Sandy explains the difference in cylindrical, prismatic and pouch cells.
Sandy Munro is back with his latest Tesla Model Y tear down video, and this time he not only dissects the Y, but he also explains the difference in cylindrical, prismatic, and pouch cells used in electric car batteries.
As good as all of Munro's Model Y videos have been, this might be my personal favorite because he gives a side by side comparison of the battery cells Tesla uses, with those used in electric vehicles made by other companies. We get to see what BMW uses in the BMW i3, and what GM uses in the Chevy Bolt EV.
Sandy starts off by showing how similar the Model Y's battery pack is to the Model 3's. He notes that both cars have 4,416 battery cells in their respective battery packs. Tesla uses small, cylindrical 2170 cells for both the Model 3 and Model Y, however, they are actually slightly larger than the ones they use for the Model S and Model X. The cells in the Model Y are called "2170" because they measure 21 mm in width and 70 mm in length.
Munro explains that Tesla connects 46 cells into what they call a "brick". The Model 3 and Model Y both have 96 bricks in their pack (46 x 96 = 4,416 total cells). Lithium-ion batteries have many different cell compositions, and he explains that Tesla uses nickel cobalt aluminum (NCA) cells.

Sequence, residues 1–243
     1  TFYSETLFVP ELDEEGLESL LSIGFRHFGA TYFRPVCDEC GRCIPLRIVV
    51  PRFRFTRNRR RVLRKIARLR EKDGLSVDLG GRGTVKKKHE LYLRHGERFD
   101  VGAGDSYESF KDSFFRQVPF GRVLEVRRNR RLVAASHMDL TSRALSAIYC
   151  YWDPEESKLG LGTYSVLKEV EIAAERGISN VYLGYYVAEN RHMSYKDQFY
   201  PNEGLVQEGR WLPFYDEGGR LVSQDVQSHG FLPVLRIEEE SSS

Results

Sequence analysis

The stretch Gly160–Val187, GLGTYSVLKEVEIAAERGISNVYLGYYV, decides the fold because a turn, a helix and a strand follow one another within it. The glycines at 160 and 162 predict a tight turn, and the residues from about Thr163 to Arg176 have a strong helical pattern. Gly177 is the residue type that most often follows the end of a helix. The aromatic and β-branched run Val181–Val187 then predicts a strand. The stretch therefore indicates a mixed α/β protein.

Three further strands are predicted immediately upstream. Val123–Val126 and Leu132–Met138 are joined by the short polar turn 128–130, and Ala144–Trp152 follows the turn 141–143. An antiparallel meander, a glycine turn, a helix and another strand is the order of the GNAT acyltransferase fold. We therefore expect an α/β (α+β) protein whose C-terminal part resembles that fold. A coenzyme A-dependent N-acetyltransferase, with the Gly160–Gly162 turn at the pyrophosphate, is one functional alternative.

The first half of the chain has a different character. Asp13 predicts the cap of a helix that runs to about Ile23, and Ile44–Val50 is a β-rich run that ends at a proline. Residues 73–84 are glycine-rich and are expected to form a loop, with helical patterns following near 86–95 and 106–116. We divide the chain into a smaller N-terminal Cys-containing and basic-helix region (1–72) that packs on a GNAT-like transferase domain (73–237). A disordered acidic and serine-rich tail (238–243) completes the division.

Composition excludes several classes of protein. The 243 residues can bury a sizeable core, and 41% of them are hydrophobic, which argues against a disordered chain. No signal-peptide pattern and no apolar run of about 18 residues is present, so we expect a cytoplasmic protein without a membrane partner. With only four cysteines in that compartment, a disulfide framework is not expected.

We then get a look at batteries used in EVs from a few other OEMs. Sandy shows us the BMW i3's prismatic cells made by Samsung SDI and explains how BMW heats and cools the battery pack.
Sitting on the table next to the i3's battery, Munro has the Chevy Bolt EV's battery. GM uses pouch cells made by LG Chem, and Sandy explains that the pouch cell format is the most expensive format of the three, because of its complexity. However, he also notes that the pouch-cell format is currently the most-used format so the extra cost cannot be that significant since so many companies have selected to use them.
Tesla's battery pack, in using the small cylindrical cells is the most efficient as far as space and weight are concerned, and they also provide better pack density. As with many of Munro's findings in the Model Y teardown, he appeared to be very impressed with Tesla's battery pack and seems to indicate, without saying it directly, that Tesla's battery tech is definitely the market leader.